My mom used to be an English teacher and was correcting my grammar and that of my friends all the time. Seeing someone use “there” for “their” makes me grate my teeth!

      I think people now have time on their hands and they are bored and anxious. Stay safe, Linda. Don’t go to where the protests are. Our local newspaper had a story about white nationalists that had incited violence at the protests in Lancaster. They are well-organized and armed.

      Liked by 1 person

      • I spent an inordinate amount of time in the yard as well and it really wore me out – I surprised myself but the last time I had a big mulch-laying project like that and such a big overgrown mess was in 2016 – yes, four years makes a difference! May was not a good month, and I had to work late Friday night and began getting behind here. My boss was going out of town all this week, and I had to work late Friday night. Then the weekend I was exhausted and nodding off by 8:00-ish after my hard work and fresh air. But we have not been really busy in a couple of months, and got an emergency matter and Robb returned from vacation today (4-5 days early) and I was on the phone with him a good part of yesterday – so much for a peaceful week.

        I had a boss once who corrected everyone’s grammar – he was a stickler for good grammar and thought nothing of overhearing a conversation and interjecting with the proper grammar and it didn’t matter if it was a secretary to a senior partner at the law firm. He corrected me on my use of “good” and “well” and to this day I find myself choosing those words carefully. The problem is we all speak and write in the vernacular, with the exception of our blogs to some extent. But my blog is often folksy, so I stray away from proper grammar sometimes. I grew up learning Oxford English in Canada and speaking very prim and proper – I was ridiculed by teachers and classmates. “There” for “their” or even reversed plus “they’re” grates on me too but I see the word “seen” instead of “saw” and that could set me off as well.

        Yes, the riots are downright scary Laurie. The Park is finally open and I am glad that is the only place I am going for the short term – no grocery stores or even to get gas, or allergy appointments. I was thinking of a trip to a larger park this weekend but I have to play it by ear – they are soggy now and we have severe weather tonight, and another raucous storm coming Friday and now that my Park is open again as of today I’ll likely stay close. The weather has become so erratic and scary – yesterday this time we enjoyed 70 degrees for a high – today it was 90 with a “real feel” of 94 and this spike is causing the severe weather and also caused the marchers in downtown Detroit to not stop at the curfew time of 8:00 a.m. but to continue and get fired up. Someone provided water and snacks to keep them from getting overheated/sick, etc. to no avail. The police had to use teargas and now 84 were carted off to jail. I am so glad I don’t work downtown anymore. Just like Lancaster I am sure, these are well-organized and not native Detroiters, but out-of-state protesters and the rest from the surburbs. You stay safe too Laurie.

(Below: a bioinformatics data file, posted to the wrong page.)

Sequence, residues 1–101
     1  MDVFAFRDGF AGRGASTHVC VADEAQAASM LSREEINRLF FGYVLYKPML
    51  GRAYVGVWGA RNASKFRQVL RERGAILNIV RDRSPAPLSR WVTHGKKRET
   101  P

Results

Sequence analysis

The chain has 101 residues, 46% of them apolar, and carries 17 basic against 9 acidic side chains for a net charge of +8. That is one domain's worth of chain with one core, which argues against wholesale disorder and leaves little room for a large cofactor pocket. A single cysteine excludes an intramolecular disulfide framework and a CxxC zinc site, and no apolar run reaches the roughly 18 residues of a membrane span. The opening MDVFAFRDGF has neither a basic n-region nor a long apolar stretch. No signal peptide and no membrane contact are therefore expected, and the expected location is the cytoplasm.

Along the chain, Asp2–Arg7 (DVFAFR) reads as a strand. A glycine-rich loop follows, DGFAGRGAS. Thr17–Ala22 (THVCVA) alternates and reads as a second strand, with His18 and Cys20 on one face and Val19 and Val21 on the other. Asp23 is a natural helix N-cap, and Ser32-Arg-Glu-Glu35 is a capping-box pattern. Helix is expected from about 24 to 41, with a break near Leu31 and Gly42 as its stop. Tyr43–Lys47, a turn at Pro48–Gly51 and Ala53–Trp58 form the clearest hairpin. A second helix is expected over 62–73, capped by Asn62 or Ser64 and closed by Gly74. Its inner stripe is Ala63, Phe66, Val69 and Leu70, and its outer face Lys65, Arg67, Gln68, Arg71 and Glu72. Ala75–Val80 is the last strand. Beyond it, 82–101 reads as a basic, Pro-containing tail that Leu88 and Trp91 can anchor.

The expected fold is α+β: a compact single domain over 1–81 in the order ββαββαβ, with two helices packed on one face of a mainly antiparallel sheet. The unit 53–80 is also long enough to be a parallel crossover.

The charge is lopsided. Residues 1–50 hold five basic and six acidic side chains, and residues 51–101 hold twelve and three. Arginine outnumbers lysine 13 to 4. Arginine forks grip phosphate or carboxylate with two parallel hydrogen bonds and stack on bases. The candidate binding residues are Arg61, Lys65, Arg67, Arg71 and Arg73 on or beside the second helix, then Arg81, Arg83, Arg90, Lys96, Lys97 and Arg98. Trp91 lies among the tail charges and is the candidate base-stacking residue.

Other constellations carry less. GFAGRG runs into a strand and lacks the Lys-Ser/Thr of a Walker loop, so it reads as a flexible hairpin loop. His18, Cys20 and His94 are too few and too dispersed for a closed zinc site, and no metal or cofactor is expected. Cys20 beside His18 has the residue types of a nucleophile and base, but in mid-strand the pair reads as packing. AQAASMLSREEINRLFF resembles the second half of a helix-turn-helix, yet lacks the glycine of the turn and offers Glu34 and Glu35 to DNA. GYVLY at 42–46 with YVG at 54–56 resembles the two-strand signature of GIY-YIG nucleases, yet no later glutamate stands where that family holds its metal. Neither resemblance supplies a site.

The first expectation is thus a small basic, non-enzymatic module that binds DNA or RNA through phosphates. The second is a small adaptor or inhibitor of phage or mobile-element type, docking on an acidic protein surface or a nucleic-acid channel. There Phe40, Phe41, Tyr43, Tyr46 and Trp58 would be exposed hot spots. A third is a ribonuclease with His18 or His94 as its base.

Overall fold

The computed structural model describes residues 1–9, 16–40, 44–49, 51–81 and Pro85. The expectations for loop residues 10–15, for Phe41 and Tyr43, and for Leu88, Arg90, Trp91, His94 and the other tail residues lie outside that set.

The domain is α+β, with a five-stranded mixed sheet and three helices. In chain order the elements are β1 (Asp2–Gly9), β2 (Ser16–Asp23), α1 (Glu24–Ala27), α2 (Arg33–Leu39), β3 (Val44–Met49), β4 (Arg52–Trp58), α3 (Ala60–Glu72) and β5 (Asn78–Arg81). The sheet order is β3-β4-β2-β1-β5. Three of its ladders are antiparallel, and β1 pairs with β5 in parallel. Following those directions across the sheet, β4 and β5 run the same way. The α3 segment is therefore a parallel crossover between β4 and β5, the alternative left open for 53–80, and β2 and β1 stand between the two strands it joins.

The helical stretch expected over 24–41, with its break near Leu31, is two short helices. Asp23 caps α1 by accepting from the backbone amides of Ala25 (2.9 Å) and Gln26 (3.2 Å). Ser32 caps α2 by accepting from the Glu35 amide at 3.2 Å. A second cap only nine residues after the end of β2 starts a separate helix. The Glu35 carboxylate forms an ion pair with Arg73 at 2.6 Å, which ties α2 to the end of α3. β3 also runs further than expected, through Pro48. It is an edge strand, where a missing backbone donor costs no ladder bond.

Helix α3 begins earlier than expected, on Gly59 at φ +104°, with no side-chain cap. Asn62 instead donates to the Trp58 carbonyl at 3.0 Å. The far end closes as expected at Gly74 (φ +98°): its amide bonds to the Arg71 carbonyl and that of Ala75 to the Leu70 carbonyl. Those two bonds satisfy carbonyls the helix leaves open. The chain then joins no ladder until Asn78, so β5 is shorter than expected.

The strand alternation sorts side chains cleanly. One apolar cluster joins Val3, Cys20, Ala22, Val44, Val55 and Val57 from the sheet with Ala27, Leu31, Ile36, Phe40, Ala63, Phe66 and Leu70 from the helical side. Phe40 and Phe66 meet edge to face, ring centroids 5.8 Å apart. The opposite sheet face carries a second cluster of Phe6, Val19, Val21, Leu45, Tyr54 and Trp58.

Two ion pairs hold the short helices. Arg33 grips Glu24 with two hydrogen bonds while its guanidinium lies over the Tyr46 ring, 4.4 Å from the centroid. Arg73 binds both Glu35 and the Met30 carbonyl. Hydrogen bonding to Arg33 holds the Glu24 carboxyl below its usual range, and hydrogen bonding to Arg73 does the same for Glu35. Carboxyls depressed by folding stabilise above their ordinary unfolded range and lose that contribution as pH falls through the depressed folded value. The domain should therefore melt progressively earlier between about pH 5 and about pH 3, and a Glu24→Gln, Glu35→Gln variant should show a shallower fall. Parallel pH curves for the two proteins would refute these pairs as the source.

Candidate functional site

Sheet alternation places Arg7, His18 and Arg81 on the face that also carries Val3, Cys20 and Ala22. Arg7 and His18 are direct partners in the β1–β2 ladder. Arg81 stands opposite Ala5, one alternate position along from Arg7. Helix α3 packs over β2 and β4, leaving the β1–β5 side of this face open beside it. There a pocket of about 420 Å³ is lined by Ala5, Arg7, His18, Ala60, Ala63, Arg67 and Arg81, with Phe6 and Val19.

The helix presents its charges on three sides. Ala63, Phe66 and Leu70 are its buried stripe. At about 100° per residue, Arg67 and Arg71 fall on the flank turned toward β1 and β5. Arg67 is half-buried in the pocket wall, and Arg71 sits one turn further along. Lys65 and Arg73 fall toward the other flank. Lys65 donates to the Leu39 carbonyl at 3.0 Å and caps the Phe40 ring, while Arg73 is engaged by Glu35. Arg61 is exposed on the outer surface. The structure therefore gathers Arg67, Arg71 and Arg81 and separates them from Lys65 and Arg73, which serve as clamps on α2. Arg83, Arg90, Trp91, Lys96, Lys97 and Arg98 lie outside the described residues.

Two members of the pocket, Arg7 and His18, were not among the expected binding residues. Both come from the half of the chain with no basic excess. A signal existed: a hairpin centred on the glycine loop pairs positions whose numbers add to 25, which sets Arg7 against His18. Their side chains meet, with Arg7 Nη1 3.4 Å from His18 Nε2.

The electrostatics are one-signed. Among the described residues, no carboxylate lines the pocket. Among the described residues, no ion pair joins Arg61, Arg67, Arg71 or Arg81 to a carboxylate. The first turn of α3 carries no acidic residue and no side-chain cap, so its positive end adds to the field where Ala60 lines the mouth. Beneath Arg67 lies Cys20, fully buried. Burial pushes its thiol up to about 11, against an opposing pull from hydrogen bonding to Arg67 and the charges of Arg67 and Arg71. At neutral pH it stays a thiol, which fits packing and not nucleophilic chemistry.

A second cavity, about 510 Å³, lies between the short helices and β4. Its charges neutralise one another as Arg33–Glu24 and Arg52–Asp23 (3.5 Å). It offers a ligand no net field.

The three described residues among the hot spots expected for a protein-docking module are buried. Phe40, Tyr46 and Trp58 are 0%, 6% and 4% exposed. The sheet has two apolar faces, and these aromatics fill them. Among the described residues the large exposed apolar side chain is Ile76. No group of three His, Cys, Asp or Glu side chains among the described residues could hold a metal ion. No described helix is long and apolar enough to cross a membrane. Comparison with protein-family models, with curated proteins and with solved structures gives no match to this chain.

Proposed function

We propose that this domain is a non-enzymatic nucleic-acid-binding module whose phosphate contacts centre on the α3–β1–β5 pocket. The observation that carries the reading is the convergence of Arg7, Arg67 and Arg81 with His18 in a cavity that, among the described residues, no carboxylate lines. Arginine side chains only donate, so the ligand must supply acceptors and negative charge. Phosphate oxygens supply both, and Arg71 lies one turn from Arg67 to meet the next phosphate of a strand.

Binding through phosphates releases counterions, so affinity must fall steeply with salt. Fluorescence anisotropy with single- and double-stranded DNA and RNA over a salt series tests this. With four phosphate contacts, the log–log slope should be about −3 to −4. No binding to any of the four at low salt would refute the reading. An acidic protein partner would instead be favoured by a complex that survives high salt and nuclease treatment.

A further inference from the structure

Liked by 1 person

      • My mom used to correct my friends’ grammar when I was a teenager. I used to get so embarrassed. Now I appreciate her perfection. Seen and saw would send me up the wall too.

        You certainly did have a crazy few days. I hope things have quieted down by now.

        We had some crazy storms today too but right now, it is beautiful out – mild, low humidity, and a gentle breeze. Perfect sleeping weather.

        Liked by 1 person

      • Yes, I can see how that would bother you as a teenager Laurie. Our schools here in Lincoln Park lost their accreditation for several years, but I don’t know what the issue is now. Perhaps younger people are used to abbreviating for texting or social media and that is the reason. The “s” possessive use drives me crazy as well.

        The dew points were high today – it was really hot. It will be like this until Sunday they say.

        Liked by 1 person

      • Same here and I was not expending that much energy as I was walking. I like Summer, but we have jumped right into the Dog Days of August for goodness sake! I’m looking forward to the weekend – supposed to be beautiful and no humidity.

        Liked by 1 person

      • Poor Benji fainted in the heat yesterday. Something is wrong with him. I am going to have to take him to the vet. Poor old guy!

        Like

  24. You are right…about so much. Yes, I too am white and have never thought about ‘that privilege’ until recent years. I am tending to shy away from social media but need to add, that we here in Australia have so much to recognise in our own ‘backyards’ than to be offering sympathy and more (well-deserved, don’t get me wrong) to those in your country and elsewhere. Australia’s history with our original inhabitants, the Aboriginal people, is not good at all. So much needs to change. It must. Life is awful with these divisions made from assumptions and appearance. Stopping now. I have to. Thanks so much for linking up Laurie. I always appreciate it. Denyse

    Liked by 1 person

    • Thank you, Denyse. I think white people all over the world need to examine our actions more closely. No place more than here in the US. I just don’t understand what has happened to our country lately. Thanks also for hosting!

      Liked by 1 person